DiffView reveals what's really going on with your PC
Even when they appear idle, PCs are forever buzzing with background activity, as Windows and application processes save data to log files, tweak Registry keys and carry out assorted other updates. Normally this can be safely ignored, but sometimes -- if you think you’ve just installed malware, say, and would like to check what it’s done -- then you might wonder what’s changed on your system in the past few minutes.
And that’s where DiffView comes in. If you want to find out more about recent activities on your PC, then you’ll first need to tell DiffView where you’d like it to scan. Clicking the Files tab reveals an Explorer-type view where you can select particular folders – \Windows, say, or \Program Files – while the Registry tab allows you to select a particular area of the Registry.
Next, you’ll have to define how “recent” these changes might have been. Enter “5″ in the “Diff time” box, say, and the program will only look for items which have been created or modified in the last 5 minutes. (You can enter much higher figures here, but remember that there are legitimate background changes going on all the time, and the further back you go, the more these will clutter your finished report.)
With the configuration done, all you have to do is click “Scan files” or “Scan reg”, depending what you’re doing, and wait for the results. This can take a while if you’re scanning the entire Registry -- so you might want to tag an extra 5 minutes onto your “Diff time” figure to make up for that -- but be patient, it will finish eventually.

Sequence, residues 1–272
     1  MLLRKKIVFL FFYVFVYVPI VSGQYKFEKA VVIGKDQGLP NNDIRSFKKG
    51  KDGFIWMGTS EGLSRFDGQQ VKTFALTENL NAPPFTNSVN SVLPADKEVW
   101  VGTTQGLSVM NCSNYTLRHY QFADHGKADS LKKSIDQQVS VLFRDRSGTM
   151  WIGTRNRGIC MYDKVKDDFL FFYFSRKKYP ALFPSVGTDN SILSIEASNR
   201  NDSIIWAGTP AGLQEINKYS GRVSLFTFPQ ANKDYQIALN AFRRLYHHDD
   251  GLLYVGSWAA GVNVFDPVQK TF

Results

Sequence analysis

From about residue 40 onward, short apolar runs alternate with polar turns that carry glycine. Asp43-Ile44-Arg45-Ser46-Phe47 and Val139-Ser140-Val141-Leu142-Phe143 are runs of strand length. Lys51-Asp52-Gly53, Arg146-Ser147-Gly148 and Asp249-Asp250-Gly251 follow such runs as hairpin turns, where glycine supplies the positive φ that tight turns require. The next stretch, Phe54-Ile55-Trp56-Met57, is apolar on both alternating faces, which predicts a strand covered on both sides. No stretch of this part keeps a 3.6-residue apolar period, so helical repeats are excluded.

Once the process is complete, DiffView displays a tree view report of your system, instantly highlighting any recent additions changes in the areas you’ve specified.
And a Report button (scroll down in the “Common” box if you don’t see it) can even create a text report for reference later.
DiffView has its limitations. In particular, the program will only highlight new or modified files and Registry keys; it can’t warn you if something is deleted. And so if you want comprehensive real-time system monitoring, then you’ll still need to use something like Sysinternals Process Monitor.
DiffView can be very useful when you just need a quick ad-hoc check, though. And it’s also free, no adware annoyances, and a ridiculously small 71KB download, which works for us. On balance, the program will make an excellent addition to anyone’s troubleshooting toolkit, and you should go grab a copy immediately.